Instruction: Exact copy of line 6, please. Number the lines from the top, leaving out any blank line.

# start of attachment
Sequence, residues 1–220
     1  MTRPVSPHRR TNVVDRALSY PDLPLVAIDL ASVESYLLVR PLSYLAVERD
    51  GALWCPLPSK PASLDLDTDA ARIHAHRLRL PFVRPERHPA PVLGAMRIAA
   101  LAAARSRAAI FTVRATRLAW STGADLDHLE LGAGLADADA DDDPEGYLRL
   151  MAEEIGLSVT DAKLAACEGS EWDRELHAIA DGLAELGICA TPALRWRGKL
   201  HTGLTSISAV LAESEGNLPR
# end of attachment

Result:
   201  HTGLTSISAV LAESEGNLPR